Abe achieves his last victory in the elections of Japan even after death

52% of the electorate has participated in the event. / ef

Under the shock of his assassination, the victory of his party in the elections to the Upper House gives him the majority necessary to reform the pacifist Constitution

Under the shock caused by the assassination of former Prime Minister Shinzo Abe, but also a strong unity in the face of violence, Japan voted this Sunday in the elections for the Upper House of Parliament. With 125 of its 248 seats at stake, these triennial elections were not only a revalidation for the government of Prime Minister Fumio Kishida, elected last year, but also a litmus test for his planned reform of the pacifist Constitution, an idea born by Abe who could not finish by resigning in 2020 due to his health problems.

Winning this battle even after death, Abe’s Liberal Democratic Party (LDP) has achieved a landslide victory that, together with its coalition partners, gives it the two-thirds majority needed to carry out such reform. Adding more than 166 seats in the Upper House together with its partners from the Buddhist Komeito party and two opposition parties in favor of revision, the ruling party also has a majority in the Lower House and will finally be able to do what Abe had longed for: to reform for the first time the Constitution imposed by the United States in 1947.

With a marked pacifist character to prevent Japan from repeating the horrors of World War II, this Constitution expressly renounces warmongering and prohibits the Army, called the Self-Defense Forces, from going abroad. Due to the threat from North Korea, the rise of China and the territorial disputes with Russia, exacerbated after the war in Ukraine, the Japanese government intends to amend Article 9 to become “a normal country” whose Army, called as such, can come to the aid of its allies, read the US, in case of conflict.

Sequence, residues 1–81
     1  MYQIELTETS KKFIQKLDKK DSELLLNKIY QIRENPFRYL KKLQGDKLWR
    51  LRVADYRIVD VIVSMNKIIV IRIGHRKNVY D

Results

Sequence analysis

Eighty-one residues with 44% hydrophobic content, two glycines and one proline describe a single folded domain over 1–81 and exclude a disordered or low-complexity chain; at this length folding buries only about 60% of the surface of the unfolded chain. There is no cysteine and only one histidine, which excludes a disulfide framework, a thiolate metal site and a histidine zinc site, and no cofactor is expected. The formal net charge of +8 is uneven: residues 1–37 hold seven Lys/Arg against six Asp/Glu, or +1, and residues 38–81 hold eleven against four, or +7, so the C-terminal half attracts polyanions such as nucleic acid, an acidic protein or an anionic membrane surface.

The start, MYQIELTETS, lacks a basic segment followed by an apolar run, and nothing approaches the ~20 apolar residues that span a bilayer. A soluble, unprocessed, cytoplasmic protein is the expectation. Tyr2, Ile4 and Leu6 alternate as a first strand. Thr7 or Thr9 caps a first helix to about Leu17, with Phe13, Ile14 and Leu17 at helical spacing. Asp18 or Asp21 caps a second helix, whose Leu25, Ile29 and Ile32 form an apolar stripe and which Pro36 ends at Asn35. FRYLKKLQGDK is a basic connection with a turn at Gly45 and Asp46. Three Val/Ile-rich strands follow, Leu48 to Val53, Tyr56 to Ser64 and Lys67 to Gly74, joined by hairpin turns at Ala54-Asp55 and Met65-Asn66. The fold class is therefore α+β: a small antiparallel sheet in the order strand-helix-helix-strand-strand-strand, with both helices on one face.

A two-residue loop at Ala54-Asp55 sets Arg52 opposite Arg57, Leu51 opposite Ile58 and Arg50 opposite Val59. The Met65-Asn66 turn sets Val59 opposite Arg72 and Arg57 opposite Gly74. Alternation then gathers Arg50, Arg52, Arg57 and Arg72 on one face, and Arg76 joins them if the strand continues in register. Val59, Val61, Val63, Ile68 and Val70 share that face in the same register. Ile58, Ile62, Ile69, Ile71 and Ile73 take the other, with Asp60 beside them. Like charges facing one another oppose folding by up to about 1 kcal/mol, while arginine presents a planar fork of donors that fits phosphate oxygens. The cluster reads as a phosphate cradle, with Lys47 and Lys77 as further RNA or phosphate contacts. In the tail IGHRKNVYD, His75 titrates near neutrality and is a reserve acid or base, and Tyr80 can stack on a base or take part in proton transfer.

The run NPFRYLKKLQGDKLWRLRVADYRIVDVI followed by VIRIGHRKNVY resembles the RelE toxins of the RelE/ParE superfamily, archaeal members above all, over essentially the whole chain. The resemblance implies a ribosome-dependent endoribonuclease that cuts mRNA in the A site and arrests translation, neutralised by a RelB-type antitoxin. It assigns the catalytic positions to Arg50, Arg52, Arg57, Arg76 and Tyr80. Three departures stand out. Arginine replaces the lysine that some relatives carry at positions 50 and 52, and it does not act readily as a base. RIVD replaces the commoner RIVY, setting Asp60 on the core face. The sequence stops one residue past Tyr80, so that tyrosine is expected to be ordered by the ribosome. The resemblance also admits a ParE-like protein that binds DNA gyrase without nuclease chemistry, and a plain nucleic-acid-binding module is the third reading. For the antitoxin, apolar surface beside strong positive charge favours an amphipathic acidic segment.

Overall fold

In addition to opposition from Japanese pacifist groups, this revision has met with criticism from the Asian countries that suffered most from Japanese militarism, especially China and South Korea.

Voter support

But, in the face of growing international tension, the electorate has not only backed the government’s intentions, but has even mobilized further after Abe’s assassination. Compared to the participation of 48.8% in the elections to the Upper House of 2019, in this appointment it has reached 52%, according to the Kyodo news agency.

This increase is due precisely to the attack that cost the life of the former prime minister on Friday. Since it became known that he had been shot dead by a former military man named Tetsuya Yamagami, both the government and the opposition have called on voters to go to the polls en masse to express their rejection of violence. Although the murderer has confessed that he killed Abe because he blamed him for having supported a religious group to which his mother donated all her money, not for political reasons, these elections have been the answer of democracy against terrorism, whatever the type be. And, as if he were a samurai transcript of Cid Campeador, they have given Shinzo Abe his last victory even after he died.

collapse of the main opposition

Kishida and his allies would win between 69 and 83 seats. The projections allow us to see the collapse of the main opposition to the Japanese prime minister, represented in the main Constitutional Democratic Party, which will remain in about twelve seats, a score less. The emerging conservative Initiatives from Japan is also forecast to win at least ten (previously six), while the Communist Party will win three seats and the leftist Reiwa Shinsengumi one.

These results represent support for the Kishida government just nine months after the last elections. It is not, however, for the leader of Initiatives from Japan, Matsui Ichiro, who, despite his improvement in figures, presented his resignation this Sunday as head of training after explaining that the results were not all that good that they expected in front of an “exceedingly powerful” member of the PLD.

Ichida, who had announced before the elections that he would retire from politics in April 2023 – when his term as mayor of Osaka ends – has criticized the “old” politics of Kishida’s party, whose proposals “do not work in the current Japan’s aging and shrinking population situation.

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